Your question is common among debtors with Social Security income. First, some background information:
Levy Bank Accounts
A levy means the judgment-creditor has the right to take whatever money in a debtor's account and apply the funds to the balance of the judgment. The procedure for levying bank accounts, as well as what amount, if any, a debtor can claim as exempt from the levy, is governed by state law. Many states exempt certain amounts and certain types of funds from bank levies, so a debtor should review his or her state's laws to find if a bank account can be levied. See the Bills.com resource State Consumer Protection Laws and Exemptions for an overview of each state's rules.
To get a levy, garnishment, or lien, a creditor must first get a judgment from a court of law. (See the Bills.com resource Collections Advice to learn more about this process.)
Generally speaking, pensions are exempt from garnishment or levy. The exceptions are child support and tax liens, and other relatively rare circumstances. See the Bills.com resource Can a creditor be allowed to do Social Security garnishment? to learn more about the protections the federal government has put in place for beneficiaries of Social Security benefits.
If your pension or Social Security benefits are commingled in an account with funds from other sources (such as gifts from friends or investment income), then the contents of the entire account can be levied. Therefore, it is imperative that people who are receiving a pension or Social Security benefits have those funds deposited in an account that only receives deposits from the Social Security Administration and/or the pension administrator. Insist that the bank or credit union annotate the account with the message that the source of the funds in that account are pension and Social Security benefits only, and cannot be garnished or levied.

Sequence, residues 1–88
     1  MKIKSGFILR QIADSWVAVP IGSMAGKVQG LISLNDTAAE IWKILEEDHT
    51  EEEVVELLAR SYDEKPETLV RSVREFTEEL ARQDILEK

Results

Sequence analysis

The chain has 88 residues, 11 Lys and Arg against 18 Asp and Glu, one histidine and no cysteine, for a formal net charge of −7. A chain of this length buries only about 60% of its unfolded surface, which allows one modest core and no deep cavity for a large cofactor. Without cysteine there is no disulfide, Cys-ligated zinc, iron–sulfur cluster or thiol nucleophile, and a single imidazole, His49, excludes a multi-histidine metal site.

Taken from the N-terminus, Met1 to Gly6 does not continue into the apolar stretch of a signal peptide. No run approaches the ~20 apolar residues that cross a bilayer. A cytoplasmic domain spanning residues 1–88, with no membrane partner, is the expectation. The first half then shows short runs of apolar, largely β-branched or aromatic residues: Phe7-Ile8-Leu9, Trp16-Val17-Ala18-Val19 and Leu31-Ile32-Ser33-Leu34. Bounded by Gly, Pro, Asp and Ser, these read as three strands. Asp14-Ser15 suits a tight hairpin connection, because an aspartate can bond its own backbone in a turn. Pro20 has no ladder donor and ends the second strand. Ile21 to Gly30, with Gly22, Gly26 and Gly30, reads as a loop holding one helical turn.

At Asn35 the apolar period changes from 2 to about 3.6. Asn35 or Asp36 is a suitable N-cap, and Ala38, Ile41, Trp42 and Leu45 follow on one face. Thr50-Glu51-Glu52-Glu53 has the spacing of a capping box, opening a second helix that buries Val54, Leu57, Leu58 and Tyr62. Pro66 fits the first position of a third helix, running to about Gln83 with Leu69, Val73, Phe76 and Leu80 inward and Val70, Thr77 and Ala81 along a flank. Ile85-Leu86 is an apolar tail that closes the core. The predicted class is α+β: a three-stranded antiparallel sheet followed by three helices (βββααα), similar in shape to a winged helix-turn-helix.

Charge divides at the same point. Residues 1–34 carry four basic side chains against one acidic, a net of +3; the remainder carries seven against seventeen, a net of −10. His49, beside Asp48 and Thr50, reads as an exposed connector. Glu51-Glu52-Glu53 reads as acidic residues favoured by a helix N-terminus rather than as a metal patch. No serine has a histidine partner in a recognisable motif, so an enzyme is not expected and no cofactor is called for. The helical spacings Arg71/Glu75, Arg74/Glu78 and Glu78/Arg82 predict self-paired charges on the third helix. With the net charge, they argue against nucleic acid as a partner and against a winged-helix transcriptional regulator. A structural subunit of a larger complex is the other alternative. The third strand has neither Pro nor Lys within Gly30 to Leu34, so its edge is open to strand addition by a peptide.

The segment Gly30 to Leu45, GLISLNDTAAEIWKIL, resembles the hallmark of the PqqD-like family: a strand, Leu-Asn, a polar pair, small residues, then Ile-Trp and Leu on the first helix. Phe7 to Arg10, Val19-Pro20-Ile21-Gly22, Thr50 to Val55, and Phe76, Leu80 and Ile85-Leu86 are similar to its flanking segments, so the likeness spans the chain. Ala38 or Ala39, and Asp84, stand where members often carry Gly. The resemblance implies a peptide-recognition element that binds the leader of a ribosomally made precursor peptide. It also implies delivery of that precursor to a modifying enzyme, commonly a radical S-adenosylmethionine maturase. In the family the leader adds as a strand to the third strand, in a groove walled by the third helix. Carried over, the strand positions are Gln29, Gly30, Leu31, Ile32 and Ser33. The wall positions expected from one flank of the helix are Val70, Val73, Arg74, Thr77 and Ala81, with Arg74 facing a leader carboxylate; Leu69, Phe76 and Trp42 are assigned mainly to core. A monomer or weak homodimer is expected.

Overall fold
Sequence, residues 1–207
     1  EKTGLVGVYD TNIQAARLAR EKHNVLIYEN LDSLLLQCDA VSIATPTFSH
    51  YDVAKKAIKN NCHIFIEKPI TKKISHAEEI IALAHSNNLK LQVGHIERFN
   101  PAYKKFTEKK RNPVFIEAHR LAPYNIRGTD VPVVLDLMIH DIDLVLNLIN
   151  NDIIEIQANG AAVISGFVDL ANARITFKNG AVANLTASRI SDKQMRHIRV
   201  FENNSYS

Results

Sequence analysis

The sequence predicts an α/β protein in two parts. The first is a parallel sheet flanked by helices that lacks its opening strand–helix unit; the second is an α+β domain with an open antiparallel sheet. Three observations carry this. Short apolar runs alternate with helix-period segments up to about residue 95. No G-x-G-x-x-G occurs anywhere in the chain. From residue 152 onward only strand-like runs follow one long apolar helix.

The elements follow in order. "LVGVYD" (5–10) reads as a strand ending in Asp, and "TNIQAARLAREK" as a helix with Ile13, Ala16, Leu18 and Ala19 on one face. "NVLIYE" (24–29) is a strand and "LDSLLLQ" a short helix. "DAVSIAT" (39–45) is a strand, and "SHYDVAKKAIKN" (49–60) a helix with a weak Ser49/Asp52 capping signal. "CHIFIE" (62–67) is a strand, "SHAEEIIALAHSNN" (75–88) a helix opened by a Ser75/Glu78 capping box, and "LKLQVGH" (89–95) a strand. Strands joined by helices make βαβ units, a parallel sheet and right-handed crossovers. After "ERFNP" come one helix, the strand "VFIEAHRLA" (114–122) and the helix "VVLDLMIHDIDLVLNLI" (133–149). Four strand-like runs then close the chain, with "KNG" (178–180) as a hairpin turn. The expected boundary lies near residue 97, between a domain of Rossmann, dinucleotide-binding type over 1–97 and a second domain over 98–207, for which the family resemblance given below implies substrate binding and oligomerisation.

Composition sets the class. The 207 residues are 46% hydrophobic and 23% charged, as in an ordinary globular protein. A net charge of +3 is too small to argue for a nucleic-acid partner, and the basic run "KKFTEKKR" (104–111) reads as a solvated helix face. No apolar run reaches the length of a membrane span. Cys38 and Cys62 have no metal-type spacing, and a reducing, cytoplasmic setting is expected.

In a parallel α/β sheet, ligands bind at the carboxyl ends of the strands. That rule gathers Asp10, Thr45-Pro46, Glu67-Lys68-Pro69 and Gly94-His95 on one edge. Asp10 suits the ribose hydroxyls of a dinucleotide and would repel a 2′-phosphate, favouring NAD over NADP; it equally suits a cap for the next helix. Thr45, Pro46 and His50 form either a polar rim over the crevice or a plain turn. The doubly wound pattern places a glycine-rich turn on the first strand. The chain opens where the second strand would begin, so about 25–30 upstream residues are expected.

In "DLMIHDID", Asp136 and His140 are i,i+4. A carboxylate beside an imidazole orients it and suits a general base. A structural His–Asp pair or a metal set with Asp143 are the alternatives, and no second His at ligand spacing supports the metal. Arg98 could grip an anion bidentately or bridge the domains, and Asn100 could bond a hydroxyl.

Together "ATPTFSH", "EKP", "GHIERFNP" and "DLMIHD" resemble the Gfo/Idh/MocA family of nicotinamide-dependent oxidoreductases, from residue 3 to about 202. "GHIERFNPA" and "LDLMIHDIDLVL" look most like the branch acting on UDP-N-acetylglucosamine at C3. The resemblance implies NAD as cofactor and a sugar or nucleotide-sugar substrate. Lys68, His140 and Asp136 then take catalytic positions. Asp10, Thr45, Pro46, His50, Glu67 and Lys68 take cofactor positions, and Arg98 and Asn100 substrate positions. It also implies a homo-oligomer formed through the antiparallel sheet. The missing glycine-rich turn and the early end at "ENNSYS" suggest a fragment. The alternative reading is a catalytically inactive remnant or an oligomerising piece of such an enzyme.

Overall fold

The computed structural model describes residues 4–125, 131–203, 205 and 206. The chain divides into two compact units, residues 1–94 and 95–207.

Your Situation in Connecticut
In the Ask Bill Web form, you stated that you reside in Connecticut and earn less than $20,000 annually. This answer is based on that information and assumes your only income is from Social Security. You do not mention if you own your home or rent.
If you own your home, then the house would be exempt from a lien up to the value of $75,000 and your Social Security earnings would be exempt (Ct. Sec. 52-352a. Definitions for exempt property provisions). Your bank account can be levied. However, there are limits based on your status, and current limits appear to be $1,000. You must provide proof of your insolvency. You may be able to arrange a long-term payment scheduled order by the court (Ct. Sec. 52-355a. Judgment lien on personal property). As stated above, have your bank annotate that your income is from Social Security and is exempt.
Go immediately to your bank and have the account that receives Social Security income be annotated as exempt from levy. Contact the Connecticut Bar Association if you need legal services and cannot afford an attorney, and ask the Connecticut Bar for the contact information for the local group that provides legal services to people with low or no income. I suggest you speak to an attorney in your state to see what procedures to follow to file an exemption with the court.
I hope this information helps you Find. Learn & Save.